The project

Our knowledge of ecology of migrants in their wintering grounds is extremely poor and severely hampers our ability to explain these declines and conserve this group of species. We lack even basic information about when birds arrive, the habitats they use and how they move around Africa.

The aim is to understand how Palearctic-African migrants use and move around the different vegetation zones found in West Africa, ranging from the semi-desert Sahelian region in Burkina Faso to the lush tropical rainforest in southern Ghana, and whether habitat change may impact them on their wintering grounds.

During the temperate winter of 2009/2010, using point count methodology and mist-netting, we recorded migrants along a degradation gradient at five different stations on a north-south transect. In 2010/2011 we plan to re-visit these sites as well as roving further afield to get a broader picture of migrant habitat use.

The new field season has started!

Juliet Vickery writes: Field season two for the Migrants in Africa team is underway – though 80% of the first 5 days was either in a car or an office. I am joining the team for the first week to help with setting things up, before heading back to the UK.

12 October 2010 - Chris Orsman (the RSPB field team leader) and I spend all day with our colleagues at the Ghana Wildlife Society, agreeing contracts , sorting insurance and licensing for the vehicle and driver to cross the border into Burkina Faso and arranging permits for the team to work in Forest Reserves and National Parks. We also had the task of inspecting equipment that had been stored in Accra since it was last used back in March – some sleeping bags were in serious need of airing!

13 October 2010 - The team leaves Accra before dawn to avoid the traffic, setting off on a 12-hour drive north to Tamale - a distance of almost 800km. Although good progress can be made on some roads, with surprisingly good tarmac, others needed more care with depressingly bad pot holes being very common. It's one way to see a lot of Ghana - albeit in a very narrow strip! The ‘team’ comprises Tina (who was with the team last years) and the driver Abraham who will be with Chris for the first month of roving field work (along with a Naturama field worker who we will pick up in Burkina Faso)

14 October 2010 – Crossing the border between Ghana and Burkina Faso at Paga. Having spent 12 hours in the caryesterday, we mae sure we made a few stops during the journey today, particularly as we crossed water bodies. We saw our first Palearctic migrants - a male Pied Flycatcher at Nasia and a few kilometres further north a group of juvenile Barn Swallows at Kukubila. A quick stop at Paga (minutes from the border) for rice and beans - a bargain at 2 cedis (just under £1). Paga is relatively famous for its pools of 'sacred crocodiles' - you can buy a sacrificial chicken to feed to them - this will apparently bring you good fortune. Perhaps more good fortune for the chicken salesmen than the chicken! It was all we could do to concentrate on our rice and beans - forget scrounging dogs and cats, we ate lunch with a large crocodile (ca 4 metres long) sitting motionless with a gaping jaw and a fixed stare just yards from our table.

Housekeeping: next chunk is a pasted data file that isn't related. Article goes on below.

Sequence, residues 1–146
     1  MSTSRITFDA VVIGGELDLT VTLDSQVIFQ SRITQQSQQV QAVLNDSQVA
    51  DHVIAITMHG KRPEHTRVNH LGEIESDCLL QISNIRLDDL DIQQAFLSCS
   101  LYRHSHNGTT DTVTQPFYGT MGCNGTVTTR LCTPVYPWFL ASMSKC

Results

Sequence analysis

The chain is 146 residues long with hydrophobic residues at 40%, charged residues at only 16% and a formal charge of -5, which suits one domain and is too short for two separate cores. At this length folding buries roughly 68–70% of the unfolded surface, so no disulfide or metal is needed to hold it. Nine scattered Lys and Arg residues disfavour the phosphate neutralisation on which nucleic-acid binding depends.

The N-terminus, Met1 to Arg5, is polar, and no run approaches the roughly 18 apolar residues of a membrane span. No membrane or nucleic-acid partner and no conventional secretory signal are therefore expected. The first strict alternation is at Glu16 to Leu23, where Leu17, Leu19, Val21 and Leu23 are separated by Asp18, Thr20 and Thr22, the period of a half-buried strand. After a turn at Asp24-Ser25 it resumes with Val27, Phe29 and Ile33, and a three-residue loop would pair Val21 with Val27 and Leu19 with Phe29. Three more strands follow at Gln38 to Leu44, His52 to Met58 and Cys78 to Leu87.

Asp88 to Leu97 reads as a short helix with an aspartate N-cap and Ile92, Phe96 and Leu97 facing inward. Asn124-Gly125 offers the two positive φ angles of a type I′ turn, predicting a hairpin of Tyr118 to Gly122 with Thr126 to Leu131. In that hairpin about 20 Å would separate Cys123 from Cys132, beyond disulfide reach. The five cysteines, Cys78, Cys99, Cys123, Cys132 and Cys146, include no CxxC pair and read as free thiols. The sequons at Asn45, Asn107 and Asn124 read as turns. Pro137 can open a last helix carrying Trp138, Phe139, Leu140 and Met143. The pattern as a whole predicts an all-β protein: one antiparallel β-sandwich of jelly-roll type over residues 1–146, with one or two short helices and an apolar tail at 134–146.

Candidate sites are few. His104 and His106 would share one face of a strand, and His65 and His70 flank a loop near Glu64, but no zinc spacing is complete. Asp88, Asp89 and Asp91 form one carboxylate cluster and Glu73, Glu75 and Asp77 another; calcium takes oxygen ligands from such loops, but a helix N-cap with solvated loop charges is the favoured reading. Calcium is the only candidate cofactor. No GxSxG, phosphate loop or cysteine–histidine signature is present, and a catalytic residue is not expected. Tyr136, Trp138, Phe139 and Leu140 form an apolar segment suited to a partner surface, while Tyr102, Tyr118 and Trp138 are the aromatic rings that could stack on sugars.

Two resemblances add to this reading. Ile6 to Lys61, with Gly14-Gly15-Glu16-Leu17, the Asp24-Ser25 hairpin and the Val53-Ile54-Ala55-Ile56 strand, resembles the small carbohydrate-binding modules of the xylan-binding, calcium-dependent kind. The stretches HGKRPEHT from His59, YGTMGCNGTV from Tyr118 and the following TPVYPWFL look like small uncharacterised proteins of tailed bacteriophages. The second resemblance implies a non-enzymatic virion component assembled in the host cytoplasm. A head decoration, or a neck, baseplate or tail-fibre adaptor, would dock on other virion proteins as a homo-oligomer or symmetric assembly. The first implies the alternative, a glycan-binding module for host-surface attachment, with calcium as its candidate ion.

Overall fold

Crossing the border was an expensive and rather protracted battle, with recent changes in visa charges meaning we faced a cost of 94,000 CFAs per visa (rather than the expected 10,000). With the alternative being to drive back to Accra and buy one cheaper there, we swallowed our frustration and delved into our pockets for the extra cash. This is where you are hit with the double whammy - the money changers at the border have an absolutely captive audience - stranded in no mans land between Ghana and Burkina, the nearest bank or cash point 200km away – they can set their price. We finally entered Burkina 3 hours later and ca £280.00 worse off! From here onwards the savannah landscape becomes more open and dusty - Acacias scattered across bare ground with farmed patches of millet and sorghum before reaching the outskirts of Ouagadougou (Ouaga for short) and being hit by the flood and buzz of a multitude of mopeds and bicycles. The end of another 12 hour journey.

15 October 2010 - Another day of negotiating contracts, this time with Naturama, our partner in Burkina Faso. Also, more equipment sorting, with the able help of Mohammed (our Naturama team member), Omar and Aly (members of the Oursi Site Support Group - the northern most site we worked at last winter). Sadly, and following FCO advice, our site at Oursi is now out of bounds to our UK project staff as there are risks from terrorist activity in Mali and Niger spilling over the border. In order to continue the work there, we are employing Aly and Omar to undertake a full schedule of ringing and point counts at Oursi, allowing the project to continue to collect data from the site. Through there work with Naturama and others in the past, and having worked and trained with the project team last winter, they are both highly competent and we are extremely thankful to have them on the team again.

16 October 2010 - An early start to set up a few nets in farmland at Gonsa, ca 15km west of Ouaga. Almost 80m of net and 3 hours of ringing yielded only 3 birds - the first bird of the 2010/2011 field season being a Red-cheeked Cordon Bleu, closely followed by a Black-rumped Waxbill and a magnificent Long-tailed Glossy Starling. Late in the evening Chris and the team drop me off at the airport - I must say goodbye here and return to the UK. It's been a hectic few days...

17 October 2010 – Sitting at Casablanca airport waiting for my flight connection and I receive a text from Chris Orsman - the first bird of the day in the net - a Common Redstart!

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